Playing Naruto x Boruto Ultimate Ninja Storm Connections, I was forced to confront my own mortality. Not by the nature of the game itself – which is a solid collection of anime fighting bouts – but thanks to the appearance of Naruto himself.
Growing up, I watched Naruto every week, sometimes via Cartoon Network, sometimes in three parts on YouTube after the fact. I once bought an issue of K-Zone Magazine because it included blue hair dye to make you “look like Sasuke.” I was obsessed. Naruto was young and rambunctious, and full of ambition. I was young and rambunctious, and full ambition. I loved the world of Naruto. Its characters, its mature twists, its slapstick humour.
The show, and Naruto himself, aged with me. As the story continued, Naruto became a teenager, harnessed his abilities, and entered a darker world filled with rising threats, and a need to become more powerful. Silly jokes about harems and perverts were replaced with slow burn storytelling about the nature of grief, and pushing forward even when everything seems hopeless. These stories stayed with me as I entered high school, then university, then a difficult job market.
In 2023, Naruto is no longer the focus of his own franchise. He’s had his time in the sun. Over the course of several decades, he evolved from being the annoying, frivolous kid playing pranks on the Leaf Village to becoming the hokage – the leader – of this entire town. He’s an adult with a wife, two kids, and burdened by responsibilities. And as he’s aged, so have I.
Naruto x Boruto Ultimate Ninja Storm Connections made me think deeply about this change, and about growing old, thanks to its devotion to and exploration of Naruto history. It’s essentially a nostalgia trip that remasters past Ninja Storm battles to tell Naruto’s story as a fable for new generations – while also revealing a new “filler-style” chapter in the life of Boruto, Naruto’s first son, and star of his own manga and anime franchise.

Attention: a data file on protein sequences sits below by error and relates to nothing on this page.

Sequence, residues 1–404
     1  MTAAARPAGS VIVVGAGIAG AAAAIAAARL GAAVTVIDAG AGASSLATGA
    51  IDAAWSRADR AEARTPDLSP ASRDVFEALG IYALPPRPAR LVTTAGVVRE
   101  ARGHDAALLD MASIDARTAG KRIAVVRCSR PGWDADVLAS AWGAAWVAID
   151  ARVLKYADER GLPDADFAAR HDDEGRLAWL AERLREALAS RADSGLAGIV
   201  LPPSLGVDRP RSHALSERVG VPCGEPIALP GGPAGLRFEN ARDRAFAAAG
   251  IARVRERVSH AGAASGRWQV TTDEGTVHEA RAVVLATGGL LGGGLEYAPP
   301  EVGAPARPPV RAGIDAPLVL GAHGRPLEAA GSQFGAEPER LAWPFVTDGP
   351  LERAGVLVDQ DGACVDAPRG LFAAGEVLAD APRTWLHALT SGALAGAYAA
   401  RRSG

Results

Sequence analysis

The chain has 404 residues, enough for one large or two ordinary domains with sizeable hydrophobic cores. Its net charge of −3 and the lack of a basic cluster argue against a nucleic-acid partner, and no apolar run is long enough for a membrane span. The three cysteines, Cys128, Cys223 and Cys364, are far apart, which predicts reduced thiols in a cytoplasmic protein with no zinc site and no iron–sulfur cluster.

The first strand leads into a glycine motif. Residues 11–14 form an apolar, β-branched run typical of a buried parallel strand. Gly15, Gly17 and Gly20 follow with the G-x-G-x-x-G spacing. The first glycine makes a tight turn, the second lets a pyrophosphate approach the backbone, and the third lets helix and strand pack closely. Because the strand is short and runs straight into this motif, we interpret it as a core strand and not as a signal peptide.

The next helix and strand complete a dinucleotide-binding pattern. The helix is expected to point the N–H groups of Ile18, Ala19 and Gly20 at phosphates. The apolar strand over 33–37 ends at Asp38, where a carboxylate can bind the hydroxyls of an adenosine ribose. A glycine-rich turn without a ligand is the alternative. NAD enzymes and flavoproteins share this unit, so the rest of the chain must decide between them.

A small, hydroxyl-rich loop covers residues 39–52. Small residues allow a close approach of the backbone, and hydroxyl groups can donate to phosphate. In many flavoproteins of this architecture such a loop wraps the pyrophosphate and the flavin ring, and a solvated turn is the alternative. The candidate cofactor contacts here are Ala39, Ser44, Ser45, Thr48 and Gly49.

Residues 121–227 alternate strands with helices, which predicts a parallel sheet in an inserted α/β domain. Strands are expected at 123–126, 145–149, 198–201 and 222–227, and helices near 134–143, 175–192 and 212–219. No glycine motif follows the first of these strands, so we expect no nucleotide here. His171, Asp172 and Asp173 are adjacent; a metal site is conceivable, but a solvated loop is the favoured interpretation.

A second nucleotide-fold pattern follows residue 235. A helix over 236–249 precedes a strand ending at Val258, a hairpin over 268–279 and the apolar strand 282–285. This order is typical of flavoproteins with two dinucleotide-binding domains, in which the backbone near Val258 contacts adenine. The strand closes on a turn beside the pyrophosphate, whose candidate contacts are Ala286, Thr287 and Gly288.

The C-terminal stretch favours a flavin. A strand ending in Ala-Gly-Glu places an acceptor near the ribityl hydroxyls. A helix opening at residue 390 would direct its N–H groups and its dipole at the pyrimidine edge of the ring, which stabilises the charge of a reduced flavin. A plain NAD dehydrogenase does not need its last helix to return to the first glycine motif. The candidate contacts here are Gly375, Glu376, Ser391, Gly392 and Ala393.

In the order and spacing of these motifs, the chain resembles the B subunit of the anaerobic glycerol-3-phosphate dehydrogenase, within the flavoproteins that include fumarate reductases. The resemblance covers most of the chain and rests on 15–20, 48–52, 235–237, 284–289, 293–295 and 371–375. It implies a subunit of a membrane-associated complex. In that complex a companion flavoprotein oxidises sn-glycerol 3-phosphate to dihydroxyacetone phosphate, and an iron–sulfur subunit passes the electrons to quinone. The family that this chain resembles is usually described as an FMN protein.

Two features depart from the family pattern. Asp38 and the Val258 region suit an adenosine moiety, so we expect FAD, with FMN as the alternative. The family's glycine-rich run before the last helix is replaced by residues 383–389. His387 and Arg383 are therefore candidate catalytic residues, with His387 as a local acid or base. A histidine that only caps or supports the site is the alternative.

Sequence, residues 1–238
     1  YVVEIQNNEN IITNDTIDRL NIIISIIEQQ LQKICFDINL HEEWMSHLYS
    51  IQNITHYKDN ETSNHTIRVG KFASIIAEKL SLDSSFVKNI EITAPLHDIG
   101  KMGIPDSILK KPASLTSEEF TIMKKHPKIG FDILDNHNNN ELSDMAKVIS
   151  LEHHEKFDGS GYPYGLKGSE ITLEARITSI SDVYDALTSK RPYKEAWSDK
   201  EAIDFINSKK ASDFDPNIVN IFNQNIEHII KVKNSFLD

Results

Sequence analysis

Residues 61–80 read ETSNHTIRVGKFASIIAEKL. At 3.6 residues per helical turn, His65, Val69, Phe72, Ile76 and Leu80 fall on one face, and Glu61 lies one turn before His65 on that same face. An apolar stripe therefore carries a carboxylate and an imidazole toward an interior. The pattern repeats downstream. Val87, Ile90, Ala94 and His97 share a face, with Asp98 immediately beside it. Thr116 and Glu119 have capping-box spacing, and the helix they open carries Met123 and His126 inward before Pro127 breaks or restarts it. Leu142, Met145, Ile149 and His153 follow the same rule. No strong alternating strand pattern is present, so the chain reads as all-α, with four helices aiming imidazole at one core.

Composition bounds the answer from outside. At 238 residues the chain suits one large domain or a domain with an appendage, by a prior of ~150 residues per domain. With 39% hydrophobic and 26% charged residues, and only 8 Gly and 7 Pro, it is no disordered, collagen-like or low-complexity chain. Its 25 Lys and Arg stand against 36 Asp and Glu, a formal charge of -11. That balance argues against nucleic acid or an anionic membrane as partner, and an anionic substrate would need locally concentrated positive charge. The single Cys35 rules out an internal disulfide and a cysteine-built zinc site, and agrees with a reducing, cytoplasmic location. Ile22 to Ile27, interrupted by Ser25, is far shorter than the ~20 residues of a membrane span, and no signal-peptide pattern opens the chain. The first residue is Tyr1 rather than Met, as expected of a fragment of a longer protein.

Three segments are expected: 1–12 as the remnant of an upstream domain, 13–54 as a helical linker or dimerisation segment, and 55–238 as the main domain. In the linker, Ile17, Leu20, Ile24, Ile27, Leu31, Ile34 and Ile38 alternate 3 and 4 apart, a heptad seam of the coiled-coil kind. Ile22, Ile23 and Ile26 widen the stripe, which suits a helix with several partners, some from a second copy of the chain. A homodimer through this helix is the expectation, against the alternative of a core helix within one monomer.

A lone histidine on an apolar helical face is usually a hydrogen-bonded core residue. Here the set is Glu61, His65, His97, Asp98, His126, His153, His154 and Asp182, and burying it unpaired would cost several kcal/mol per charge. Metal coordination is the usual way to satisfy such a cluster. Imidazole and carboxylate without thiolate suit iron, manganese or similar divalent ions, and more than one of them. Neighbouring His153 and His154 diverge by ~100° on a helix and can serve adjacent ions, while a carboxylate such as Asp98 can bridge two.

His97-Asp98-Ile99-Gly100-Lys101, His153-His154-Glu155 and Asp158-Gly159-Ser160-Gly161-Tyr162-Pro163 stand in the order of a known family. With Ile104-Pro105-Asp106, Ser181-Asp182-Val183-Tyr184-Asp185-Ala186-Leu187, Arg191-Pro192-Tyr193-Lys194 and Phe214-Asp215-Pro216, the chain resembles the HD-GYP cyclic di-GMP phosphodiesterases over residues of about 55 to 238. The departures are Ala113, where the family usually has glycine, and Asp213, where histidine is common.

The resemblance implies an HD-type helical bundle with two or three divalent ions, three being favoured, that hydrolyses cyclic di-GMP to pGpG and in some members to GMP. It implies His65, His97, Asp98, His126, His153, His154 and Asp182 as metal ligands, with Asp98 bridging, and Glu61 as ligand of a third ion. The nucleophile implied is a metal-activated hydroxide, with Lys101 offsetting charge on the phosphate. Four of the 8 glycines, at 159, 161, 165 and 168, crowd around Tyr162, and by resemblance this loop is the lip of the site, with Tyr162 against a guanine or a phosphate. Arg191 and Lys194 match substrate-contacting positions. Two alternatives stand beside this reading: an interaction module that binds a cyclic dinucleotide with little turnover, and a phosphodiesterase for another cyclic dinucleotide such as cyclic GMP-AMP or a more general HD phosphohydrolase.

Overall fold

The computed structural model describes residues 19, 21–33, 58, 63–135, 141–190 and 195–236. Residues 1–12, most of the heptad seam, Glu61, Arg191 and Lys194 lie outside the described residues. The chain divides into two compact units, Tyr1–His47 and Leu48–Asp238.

The game features two main story modes – History Mode and Special Story Mode – in addition to the standard multiplayer and online features the Ultimate Ninja Storm series has always offered. (These features are robust, and offer a whopping roster of 130+ characters to play with, but they aren’t the main focus.)
History Mode is where the real meat of the adventure lies. It’s essentially an adaptation of Naruto Ultimate Ninja Storm 1-4, telling the tale of Naruto through short cutscenes and battle highlights from across the game series. There’s nothing surprising here, but the collection is a welcome one, and allows you to dive into every major beat in Naruto’s journey.
Developer CyberConnect2 has made clever choices in its selections, largely focussing on the most significant and impressive game battles, with a focus on Naruto’s biggest achievements. While that means excellent side battles – most notably, Gaara vs. Rock Lee – are brushed over in cutscenes, it’s still a solid reflection of Naruto history, with all the context you need to understand and enjoy the ride.
The rapid pace with which the game blasts through each tale also adds a sense of fervour and accomplishment to every battle. Connections doesn’t do anything differently to its predecessors – battles remain sleek, fun affairs with relatively simple inputs and chances to experiment with various moves – but with story broken into bite-sized chunks, History Mode becomes a warm and welcome rush of the best Naruto highlights.
And the moment you get complacent with battles – there are some that feel relatively same-ish due to the game’s standardised battle mechanics – History Mode will throw in a gigantic battle to break things up, like the excellent Naruto vs. Gaara that takes the form of a towering, multi-stage boss skirmish with real-time input.